Origin of “on” to mean “powered”

When did the word "on" start to mean "powered"? An example of this would be "The lights are on."
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1answer
81 views

The contrasting meanings of the word “chill”

One meaning, the one that I've always known and thought about it when someone said the word "chill", was "very relaxed or easy going" with the example "in general, I am a pretty chill guy", as given ...
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How old is the word “upskirting”?

In the comments section of this question the subject derailed slightly: is the word upskirting dependent on today's technology or is it older?
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2answers
106 views

When did “serie” become obsolete in English?

Why is series both singular and plural in English? In the other languages I am familiar with, serie is the singular. This includes Spanish, French, German, and Italian. However, it is series (in a ...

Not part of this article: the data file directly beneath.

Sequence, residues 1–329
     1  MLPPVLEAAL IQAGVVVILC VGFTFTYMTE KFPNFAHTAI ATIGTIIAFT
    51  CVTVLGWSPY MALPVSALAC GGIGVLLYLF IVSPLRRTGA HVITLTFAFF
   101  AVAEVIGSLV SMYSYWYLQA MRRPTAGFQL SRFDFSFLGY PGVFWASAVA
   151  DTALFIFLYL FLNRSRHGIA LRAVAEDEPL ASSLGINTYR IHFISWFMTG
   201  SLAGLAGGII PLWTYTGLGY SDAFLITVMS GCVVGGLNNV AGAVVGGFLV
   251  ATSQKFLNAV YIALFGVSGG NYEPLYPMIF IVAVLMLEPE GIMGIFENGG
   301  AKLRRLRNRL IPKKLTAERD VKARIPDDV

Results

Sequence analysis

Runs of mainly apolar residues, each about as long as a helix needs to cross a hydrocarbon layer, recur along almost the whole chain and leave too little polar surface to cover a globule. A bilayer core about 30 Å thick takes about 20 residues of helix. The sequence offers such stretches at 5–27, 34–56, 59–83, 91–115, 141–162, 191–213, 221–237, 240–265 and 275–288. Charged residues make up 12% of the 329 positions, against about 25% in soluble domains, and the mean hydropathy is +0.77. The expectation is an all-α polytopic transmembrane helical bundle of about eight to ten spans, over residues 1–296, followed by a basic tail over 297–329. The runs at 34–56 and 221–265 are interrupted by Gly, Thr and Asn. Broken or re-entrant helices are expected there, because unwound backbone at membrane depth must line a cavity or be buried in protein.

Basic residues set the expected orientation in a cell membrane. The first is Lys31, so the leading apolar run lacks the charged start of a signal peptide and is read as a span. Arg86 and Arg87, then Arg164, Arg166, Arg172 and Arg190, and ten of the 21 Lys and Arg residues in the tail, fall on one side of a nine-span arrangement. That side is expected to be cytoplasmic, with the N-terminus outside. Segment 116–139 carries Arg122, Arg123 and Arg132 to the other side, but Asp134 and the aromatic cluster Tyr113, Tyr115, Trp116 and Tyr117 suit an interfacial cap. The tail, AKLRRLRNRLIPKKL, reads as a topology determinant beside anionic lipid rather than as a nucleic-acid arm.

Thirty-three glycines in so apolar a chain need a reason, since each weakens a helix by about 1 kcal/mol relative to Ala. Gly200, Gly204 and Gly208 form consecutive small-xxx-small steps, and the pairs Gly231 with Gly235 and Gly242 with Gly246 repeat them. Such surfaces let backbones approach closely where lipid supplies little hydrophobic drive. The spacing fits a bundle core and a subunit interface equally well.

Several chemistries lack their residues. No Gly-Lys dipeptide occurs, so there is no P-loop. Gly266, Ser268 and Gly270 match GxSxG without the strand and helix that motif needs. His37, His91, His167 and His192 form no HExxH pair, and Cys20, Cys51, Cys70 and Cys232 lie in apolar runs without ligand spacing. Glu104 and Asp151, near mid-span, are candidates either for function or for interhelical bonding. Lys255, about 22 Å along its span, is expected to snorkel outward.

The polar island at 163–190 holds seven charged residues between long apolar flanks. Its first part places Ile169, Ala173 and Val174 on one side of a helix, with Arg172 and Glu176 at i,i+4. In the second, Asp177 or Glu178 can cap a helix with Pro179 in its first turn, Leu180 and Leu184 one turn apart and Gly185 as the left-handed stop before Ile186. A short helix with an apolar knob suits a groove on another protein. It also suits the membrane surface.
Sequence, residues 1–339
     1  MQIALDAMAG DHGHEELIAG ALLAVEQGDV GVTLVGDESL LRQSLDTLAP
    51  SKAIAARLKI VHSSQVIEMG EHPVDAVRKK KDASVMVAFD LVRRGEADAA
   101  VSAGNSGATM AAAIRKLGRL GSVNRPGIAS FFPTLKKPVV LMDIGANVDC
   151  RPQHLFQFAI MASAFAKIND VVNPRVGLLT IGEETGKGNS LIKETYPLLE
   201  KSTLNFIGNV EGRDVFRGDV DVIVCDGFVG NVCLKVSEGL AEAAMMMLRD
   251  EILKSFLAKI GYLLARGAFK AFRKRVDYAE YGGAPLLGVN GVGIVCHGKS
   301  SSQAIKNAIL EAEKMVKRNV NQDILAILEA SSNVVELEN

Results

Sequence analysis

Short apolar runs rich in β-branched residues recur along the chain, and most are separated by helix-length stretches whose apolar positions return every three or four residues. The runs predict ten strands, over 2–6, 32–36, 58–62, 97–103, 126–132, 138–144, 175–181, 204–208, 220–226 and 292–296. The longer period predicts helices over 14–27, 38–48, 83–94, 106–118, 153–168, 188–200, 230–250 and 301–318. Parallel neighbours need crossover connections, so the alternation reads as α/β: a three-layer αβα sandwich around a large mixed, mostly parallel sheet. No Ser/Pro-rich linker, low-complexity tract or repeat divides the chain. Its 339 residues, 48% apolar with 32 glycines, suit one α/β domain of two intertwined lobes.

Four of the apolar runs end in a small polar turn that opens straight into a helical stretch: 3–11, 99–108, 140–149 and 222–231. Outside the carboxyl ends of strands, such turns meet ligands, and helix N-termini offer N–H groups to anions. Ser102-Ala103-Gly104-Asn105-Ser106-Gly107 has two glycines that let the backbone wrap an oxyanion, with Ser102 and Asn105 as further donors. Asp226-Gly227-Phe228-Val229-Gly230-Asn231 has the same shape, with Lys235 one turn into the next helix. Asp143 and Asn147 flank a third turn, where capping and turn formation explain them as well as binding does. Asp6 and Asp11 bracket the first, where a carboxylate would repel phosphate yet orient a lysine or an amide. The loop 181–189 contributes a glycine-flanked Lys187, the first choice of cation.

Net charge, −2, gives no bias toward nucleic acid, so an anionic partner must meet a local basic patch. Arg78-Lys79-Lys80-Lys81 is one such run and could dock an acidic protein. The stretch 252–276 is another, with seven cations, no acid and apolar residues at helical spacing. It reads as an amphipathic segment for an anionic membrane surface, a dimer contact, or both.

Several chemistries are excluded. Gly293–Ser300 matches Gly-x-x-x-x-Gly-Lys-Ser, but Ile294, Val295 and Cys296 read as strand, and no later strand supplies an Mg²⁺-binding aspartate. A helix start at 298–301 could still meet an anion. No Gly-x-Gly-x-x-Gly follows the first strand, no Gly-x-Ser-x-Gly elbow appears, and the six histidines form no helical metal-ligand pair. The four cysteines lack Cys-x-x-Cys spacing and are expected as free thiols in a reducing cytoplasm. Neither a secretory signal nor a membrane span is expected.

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1answer
37 views

When was the expression “or something” first used?

What evidence of sentences ending with "or something" recorded ANYWHERE from 1800-1900 including in England, and what are the earliest written attestations during the 19th century in any of the U.S, ...
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How did the word “Soviet” end up with an -ie-?

The Etymonline entry for "soviet" states: 1917, from Russian sovet "governing council," literally "council"… Likely I am not the only one to wonder about the reason behind the apparent difference ...
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If -ment suffix is from Old French, then why does it form nouns instead of adverbs?

The suffix -ment forms nouns from verbs, e.g. entertain → entertainment. A similar suffix exists in French (and -mente in other Romance languages) that forms adverbs from adjectives, e.g. sûr → ...
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2answers
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When and by whom was “stage diving” coined?

Stage diving is the practice of jumping from the stage, usually in a rock concert, to be caught and carried aloft by the crowd. From: houseplanet.dj According to Wikipedia this practice was ...